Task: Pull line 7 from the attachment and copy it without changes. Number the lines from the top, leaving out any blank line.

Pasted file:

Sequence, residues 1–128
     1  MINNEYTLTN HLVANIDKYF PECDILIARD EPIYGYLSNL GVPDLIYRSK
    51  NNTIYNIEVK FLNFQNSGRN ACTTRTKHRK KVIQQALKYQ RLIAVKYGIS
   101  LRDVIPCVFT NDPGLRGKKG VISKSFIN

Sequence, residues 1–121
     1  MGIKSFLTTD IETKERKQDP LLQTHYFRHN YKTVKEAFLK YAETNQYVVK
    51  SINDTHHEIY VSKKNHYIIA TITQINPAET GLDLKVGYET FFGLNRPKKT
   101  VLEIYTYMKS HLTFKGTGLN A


    51  SINDTHHEIY VSKKNHYIIA TITQINPAET GLDLKVGYET FFGLNRPKKT